Review by Cynthia Ning
In a sunburnt country, a writer makes his journey down south and is half a world away from his home in England. He seeks new adventures and experiences to help rekindle his love of writing and then eventuate to his book Kangaroo. Geoffrey Sykes gives us an intimate and emotionally charged glimpse into D.H Lawrence’s life in Australia.
The Muse and narrator (Katrina Maskell) gently glide onto the stage to present the tale of D.H Lawrence’s arrival to Australia with his wife Frieda. Whimsical and fairy-like, she speaks in rhyme and riddles as she paints the picture of their life in NSW Coast Village, Thirroul arriving by train dressed in their best.
Lawrence (Shaun Foley) greets the new land with excitement, is energetic in his delivery and welcomes this chapter with open arms albeit with a persistent cough. Frieda (Mel Day) disagrees and shows obvious discomfort in being in the middle of nowhere by openly complaining about how little there is in terms of shops, houses, and bustling streets that she is used to in England but, she agrees to stay for the sake of her husband.
Frieda doesn’t have an English accent rather, she speaks with a mixed European accent. Her performance is confident and direct with her delivery which works well in contrast to the thick Australian accents of their laid-back neighbours Victoria (Katrina Maskell) and Jack (Dominic Collier). They quickly become acquainted with one another and discuss the politics of the relatively new country that we now call Australia.
There was a clever use of the projector which displayed portraits from artist Garry Shead from his Lawrence series to carry the narrative through multiple scenery changes. We also get a glimpse of the man himself, with still black and white images from D.H Lawrence’s life in Australia with his wife and his neighbours.
The props act as an anchor to the time and residency of Frieda and Lawrence upon arrival. Pen and paper are used throughout the play as a constant reminder to write and speak to the fictional characters Lawrence has manifested over long nights, fretting about each of their details. The house the couple stay in is repurposed on multiple scene changes together with the projected images are shown to be an effective choice by the stage manager and prop designer.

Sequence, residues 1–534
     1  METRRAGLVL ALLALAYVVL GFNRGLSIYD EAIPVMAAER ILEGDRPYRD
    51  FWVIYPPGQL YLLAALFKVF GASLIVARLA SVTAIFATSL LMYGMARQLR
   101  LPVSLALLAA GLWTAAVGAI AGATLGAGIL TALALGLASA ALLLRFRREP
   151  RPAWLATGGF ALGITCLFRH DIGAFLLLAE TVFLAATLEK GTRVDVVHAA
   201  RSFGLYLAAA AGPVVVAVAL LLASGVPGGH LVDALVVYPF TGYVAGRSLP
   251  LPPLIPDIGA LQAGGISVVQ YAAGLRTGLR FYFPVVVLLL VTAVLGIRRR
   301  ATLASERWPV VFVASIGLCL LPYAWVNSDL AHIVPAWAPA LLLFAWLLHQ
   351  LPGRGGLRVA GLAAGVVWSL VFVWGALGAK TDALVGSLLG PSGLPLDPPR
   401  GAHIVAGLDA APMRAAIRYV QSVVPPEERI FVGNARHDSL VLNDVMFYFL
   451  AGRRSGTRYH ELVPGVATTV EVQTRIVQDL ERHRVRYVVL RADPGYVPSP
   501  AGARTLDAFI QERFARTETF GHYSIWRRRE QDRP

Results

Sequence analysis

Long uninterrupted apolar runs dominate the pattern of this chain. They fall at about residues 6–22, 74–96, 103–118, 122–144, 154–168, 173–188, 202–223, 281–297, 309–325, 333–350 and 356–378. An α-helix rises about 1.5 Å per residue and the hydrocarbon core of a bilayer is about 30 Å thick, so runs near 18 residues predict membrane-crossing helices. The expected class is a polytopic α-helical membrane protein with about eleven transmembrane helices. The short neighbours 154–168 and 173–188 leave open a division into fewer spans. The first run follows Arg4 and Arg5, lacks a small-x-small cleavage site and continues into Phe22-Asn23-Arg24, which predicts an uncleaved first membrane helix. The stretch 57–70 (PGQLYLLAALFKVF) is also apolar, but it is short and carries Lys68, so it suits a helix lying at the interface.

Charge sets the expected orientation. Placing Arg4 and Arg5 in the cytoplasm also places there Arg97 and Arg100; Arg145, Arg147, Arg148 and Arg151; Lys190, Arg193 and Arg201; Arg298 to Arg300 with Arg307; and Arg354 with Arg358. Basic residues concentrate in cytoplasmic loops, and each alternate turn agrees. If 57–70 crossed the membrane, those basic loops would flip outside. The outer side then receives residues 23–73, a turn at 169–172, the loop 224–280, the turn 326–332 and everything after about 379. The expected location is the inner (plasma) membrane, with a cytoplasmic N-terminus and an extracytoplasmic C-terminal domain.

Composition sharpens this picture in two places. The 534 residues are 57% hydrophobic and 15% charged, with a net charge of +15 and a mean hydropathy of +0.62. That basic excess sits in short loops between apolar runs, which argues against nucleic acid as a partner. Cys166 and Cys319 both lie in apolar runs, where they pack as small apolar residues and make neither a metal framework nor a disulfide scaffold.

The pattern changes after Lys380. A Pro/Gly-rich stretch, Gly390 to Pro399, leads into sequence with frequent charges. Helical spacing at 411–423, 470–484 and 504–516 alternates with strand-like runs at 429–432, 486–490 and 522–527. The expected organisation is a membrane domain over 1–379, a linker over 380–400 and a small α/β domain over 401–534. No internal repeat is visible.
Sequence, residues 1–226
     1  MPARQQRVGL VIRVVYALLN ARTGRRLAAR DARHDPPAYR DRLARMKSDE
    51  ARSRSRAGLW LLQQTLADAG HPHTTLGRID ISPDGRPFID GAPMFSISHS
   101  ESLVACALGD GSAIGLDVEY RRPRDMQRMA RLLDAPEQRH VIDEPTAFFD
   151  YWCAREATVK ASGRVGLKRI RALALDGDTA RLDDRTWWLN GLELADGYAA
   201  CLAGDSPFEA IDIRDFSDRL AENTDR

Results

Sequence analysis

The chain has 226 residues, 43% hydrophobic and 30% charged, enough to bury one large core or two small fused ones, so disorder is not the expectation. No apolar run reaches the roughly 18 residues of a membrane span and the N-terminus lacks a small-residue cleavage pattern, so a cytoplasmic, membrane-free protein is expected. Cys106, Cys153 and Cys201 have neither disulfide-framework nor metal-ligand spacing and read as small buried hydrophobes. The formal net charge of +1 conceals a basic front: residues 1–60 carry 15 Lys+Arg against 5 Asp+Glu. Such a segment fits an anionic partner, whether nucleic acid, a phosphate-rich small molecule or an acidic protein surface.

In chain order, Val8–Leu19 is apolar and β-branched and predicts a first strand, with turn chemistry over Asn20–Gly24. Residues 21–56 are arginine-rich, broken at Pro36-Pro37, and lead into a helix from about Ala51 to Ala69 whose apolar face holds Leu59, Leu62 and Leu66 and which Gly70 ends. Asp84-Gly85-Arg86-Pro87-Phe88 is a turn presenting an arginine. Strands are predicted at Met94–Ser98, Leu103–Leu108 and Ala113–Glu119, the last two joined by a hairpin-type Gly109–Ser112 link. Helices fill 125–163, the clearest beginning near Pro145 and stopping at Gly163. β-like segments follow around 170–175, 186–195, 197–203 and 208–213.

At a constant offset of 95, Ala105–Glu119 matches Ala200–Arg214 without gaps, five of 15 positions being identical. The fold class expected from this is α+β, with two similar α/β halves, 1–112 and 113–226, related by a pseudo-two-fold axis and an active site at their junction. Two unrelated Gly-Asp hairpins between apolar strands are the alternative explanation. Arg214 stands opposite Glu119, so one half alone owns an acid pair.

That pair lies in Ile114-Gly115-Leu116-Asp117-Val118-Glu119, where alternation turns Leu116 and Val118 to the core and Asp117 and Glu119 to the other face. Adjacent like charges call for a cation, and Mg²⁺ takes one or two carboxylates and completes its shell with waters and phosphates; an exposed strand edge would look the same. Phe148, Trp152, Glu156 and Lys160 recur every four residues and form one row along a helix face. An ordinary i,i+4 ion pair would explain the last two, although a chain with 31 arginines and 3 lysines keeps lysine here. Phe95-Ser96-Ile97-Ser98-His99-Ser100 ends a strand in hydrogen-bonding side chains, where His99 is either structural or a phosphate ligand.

The actors were clear and audible with their dialogue which made the story easy to follow and allowed us to focus closer on the relationship Lawrence developed over his stay. The state of his body and mind begins to unravel. Shaun’s sustained subtle cough brings the viewers back to understand why he made the trip to Australia, which was to help recover from his illness. The twitches and restless movement showed how the land and sea made a deep impact on him which brought him closer to Frieda, who feels refreshed and reinvigorated by their new surroundings. There is magic in the air and drama to follow.
Dominic is superb in his delivery, embodying multiple unique characters (Kangaroo, Struthers, Jack, Ezra Pound) with ease and nailing each accent. Having Dominic present all these big personalities was a bold choice due to the level of difficulty and the complex relationship they played in Lawrence’s life both in fiction and in his every day.
There are sensual themes in his books that allude to a romance sparked by Victoria’s interest in Lawrence. Frieda notices the distance created by the move and they have their marital squabbles and arguments arising from potential infidelity and sudden request to move overseas again. Mel proves to be a powerful force showing Frieda is sharp as a tack and is quick to point out his irritable behaviour, caring for him during his most vulnerable moments showing she understands Lawrence better than he knows.
Katrina embodies the blackbird through interpretive dance and as a physical manifestation in Lawrence’s mind with each encounter. The scene is reminiscent of Edgar Allen Poe’s poem, ‘The Raven’. Lawrence reveals his struggles and desire to leave Australia after only 12 short weeks. Shaun is very giving as an actor as he allows for the dialogue from each character to come to him before reacting to them. These aspects of each character combined well for effective performance.
The play is a slow burn but easily digestible with a smooth-moving pace with each actor understanding their character's drive and prompts from one another, well done!
The minor detail that took me away from the play is the suit Lawrence wears. It is a little too modern in design and takes a bit away from the story timeline - This is apparent with the black and white photos depicting real-life people and showing the difference in dress style. Lighting is simple and doesn’t shift too much - However, it was hard to see some of the projected images at times due to the bright lights shining on the white cloth during some scenes.
D.H Lawrence’s works are well known and loved in his home country of England. His book, Lady Chatterley's Lover was briefly mentioned in a romantic encounter with Margo Durrell and visitor Michael in The Genesian production of My Family and Other Animals where she quotes him doing ‘wonderful things in the desert’. Gerald Durrell's brother, Lawrence Durrell would go on to be a successful writer himself later in life.
And with that, as Lawrence and Frieda stand at the Sydney Wharf waiting for their boat they come to a visual clearance where he finds himself enchanted with the people and culture of The First People of the Eora nation as Frieda sees a new beginning at starting over again. Lawrence continues his search for Somewhere South in New Mexico.
A well-rounded niche play for anyone with a keen mind for Australian history or fans of D.H Lawrence's work. I would recommend anyone to come and immerse themselves in Lawrence’s fleeting but profound visit to Australia.